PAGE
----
Capitol Connection #1047
Whenever you visit a ‘foreign’ place like CA, it’s good to get a guide! Let me point the way. Assisting contractors would be ‘dbaa’ for Capitol Services, or doing business as always, for some with ‘unacceptable’ business names a ‘dba’ is the way…
Q: We recently applied for a California Contractor’s License. We have licenses in several other States including Florida, Nevada, Washington, and Arizona. We applied under our corporate name which is the President’s last name followed by “Commercial Contracting Services”. The CSLB rejected our application stating we cannot use “Contracting Services” in our business name. This is how we are licensed in all other States. We are already registered with the CA Secretary of State with this name. What do we do? The rejection letter didn’t give us much guidance.
A: The CSLB’s guideline is your business name must either identify the trade classification you hold or be a completely fictitious name that has no meaning. In addition, you cannot use vague terms in your business name such as “services”, “improvements”, “contractor”, or “solutions”. “Contracting Services” is considered a vague term. You will need to either change your name with the Secretary of State or come up with a ‘dba’ (doing business as) name to add to the license application.
Q: We are a General Engineering contractor and our range of services include site engineering, industrial and wastewater treatment, water utility and technical services, water conditioning, water purification systems, and laboratory services. We recently formed an LLC to take over the operations of our currently licensed Corporation. Our application was rejected due to our business name not being “compatible.” The letter instructed us to come up with a few ‘dba’ (doing business as) names and submit them for review, which we did, and the CSLB responded by saying none of the names were acceptable. Can you give us any direction?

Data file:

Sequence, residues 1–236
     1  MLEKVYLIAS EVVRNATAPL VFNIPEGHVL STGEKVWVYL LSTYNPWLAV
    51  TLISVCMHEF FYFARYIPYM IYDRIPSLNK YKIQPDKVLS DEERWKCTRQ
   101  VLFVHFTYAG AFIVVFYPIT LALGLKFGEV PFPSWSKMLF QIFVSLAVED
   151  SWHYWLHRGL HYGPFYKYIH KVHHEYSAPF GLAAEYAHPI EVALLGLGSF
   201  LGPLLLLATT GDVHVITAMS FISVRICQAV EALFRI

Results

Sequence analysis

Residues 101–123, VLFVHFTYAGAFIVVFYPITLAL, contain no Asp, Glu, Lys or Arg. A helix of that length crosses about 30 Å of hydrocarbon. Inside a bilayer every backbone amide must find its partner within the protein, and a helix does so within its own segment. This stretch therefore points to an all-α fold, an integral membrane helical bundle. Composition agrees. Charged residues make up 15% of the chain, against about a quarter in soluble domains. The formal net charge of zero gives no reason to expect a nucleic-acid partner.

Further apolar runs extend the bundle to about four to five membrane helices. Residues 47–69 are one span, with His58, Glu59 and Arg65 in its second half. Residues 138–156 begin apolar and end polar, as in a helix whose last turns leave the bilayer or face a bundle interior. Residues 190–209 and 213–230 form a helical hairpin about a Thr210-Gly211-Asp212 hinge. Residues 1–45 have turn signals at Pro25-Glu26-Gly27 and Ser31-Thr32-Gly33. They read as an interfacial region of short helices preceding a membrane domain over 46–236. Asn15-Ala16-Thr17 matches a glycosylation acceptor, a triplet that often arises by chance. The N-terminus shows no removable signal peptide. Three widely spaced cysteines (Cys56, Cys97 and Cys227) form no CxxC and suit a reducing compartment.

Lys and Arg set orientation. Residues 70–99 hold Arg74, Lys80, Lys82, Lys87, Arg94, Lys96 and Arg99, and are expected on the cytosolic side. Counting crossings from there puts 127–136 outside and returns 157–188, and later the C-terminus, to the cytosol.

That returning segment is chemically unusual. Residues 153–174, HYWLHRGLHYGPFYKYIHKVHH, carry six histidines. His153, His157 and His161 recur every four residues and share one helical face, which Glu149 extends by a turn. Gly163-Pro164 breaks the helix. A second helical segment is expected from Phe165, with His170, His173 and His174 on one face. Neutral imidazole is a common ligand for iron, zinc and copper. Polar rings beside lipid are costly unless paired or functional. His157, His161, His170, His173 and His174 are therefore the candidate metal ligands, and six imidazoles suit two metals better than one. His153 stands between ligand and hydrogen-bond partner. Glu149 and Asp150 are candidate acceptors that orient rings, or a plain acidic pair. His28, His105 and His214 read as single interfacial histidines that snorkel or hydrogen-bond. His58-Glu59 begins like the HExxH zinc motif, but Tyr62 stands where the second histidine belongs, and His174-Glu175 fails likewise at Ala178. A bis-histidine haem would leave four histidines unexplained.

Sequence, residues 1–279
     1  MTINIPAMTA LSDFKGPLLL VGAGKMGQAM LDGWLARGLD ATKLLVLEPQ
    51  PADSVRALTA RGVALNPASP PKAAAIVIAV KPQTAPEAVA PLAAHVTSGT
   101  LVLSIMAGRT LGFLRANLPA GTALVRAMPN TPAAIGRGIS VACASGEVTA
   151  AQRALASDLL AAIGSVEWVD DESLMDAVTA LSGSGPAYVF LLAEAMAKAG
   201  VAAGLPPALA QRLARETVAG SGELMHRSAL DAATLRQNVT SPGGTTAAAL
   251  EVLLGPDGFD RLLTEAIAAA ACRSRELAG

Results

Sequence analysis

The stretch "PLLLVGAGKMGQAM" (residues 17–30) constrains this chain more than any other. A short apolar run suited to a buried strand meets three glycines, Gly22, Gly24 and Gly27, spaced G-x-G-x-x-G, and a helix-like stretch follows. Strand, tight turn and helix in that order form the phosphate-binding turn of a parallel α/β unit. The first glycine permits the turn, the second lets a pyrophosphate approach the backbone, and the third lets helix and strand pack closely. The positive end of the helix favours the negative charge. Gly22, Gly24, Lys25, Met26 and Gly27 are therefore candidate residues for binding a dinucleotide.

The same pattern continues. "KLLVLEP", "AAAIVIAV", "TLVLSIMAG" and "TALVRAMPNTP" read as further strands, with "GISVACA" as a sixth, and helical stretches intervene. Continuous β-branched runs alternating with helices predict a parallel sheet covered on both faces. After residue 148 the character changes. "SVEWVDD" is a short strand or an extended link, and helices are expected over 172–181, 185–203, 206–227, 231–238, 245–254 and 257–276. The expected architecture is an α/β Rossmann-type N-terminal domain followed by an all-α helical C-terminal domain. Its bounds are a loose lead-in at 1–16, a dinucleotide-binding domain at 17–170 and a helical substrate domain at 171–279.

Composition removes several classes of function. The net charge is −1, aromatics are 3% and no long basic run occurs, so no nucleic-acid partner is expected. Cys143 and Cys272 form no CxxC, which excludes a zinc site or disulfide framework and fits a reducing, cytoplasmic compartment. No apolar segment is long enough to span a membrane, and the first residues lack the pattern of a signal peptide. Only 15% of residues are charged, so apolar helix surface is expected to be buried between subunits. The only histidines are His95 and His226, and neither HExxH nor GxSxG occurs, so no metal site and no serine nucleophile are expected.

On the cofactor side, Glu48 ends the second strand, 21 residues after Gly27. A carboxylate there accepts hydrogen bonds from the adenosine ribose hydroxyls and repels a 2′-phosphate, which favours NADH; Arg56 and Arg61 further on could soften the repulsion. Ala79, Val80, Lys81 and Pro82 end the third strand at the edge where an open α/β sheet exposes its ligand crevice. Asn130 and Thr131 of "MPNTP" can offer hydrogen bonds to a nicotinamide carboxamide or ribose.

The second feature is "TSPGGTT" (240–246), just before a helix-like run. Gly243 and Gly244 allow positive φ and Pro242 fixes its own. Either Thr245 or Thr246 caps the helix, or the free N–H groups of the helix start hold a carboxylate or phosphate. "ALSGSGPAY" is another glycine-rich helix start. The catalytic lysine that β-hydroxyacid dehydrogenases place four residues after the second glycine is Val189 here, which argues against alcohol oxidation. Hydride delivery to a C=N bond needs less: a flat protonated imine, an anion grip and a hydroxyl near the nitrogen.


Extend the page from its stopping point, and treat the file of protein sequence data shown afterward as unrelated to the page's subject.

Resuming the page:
A: After reviewing your submission, I see the issue is each Business name you presented included the word “water”. The CSLB has been strongly implementing B&P Code Section 7059.1(a) which states “A licensee shall not use any business name that indicates the licensee is qualified to perform work in classifications other than those issued for that license, or any business name that is incompatible with the type of business entity licensed.” While you do need an “A” (General Engineering) license to perform the work you do, using the word “water” in your business name could imply that you are a swimming pool Contractor. I suggest you come up with a business name without the word “water”, or somehow incorporate “engineering” in the business name.
Q: We have a license that holds the “B” (General Building), “C-10” (Electrical), and “C-36” (Plumbing) classifications. Our Qualifier left the company and we only have until the 15th of next month to replace him. We have employees who hold the Electrical and the Plumbing licenses (Inactive) who are willing to be added to our license. What will happen to the “B” classification if we don’t have someone to replace in time?
A: If you do not replace the Qualifying Individual for the “B” classification within 90 days of his disassociation date, the classification will be removed from your license. If you find someone and submit the application prior to the 90-day cut off, you can request a one-time 90 day extension to allow for processing time and testing if needed.
While knowledge is power, knowing where to go for the answers is half the battle. Get expert assistance immediately when you call 866-443-0657, email firstname.lastname@example.org, or write us at Capitol Services, Inc., 1225 8th St. Ste. 500, Sacramento, CA 95814. Research past columns at www.cutredtape.com.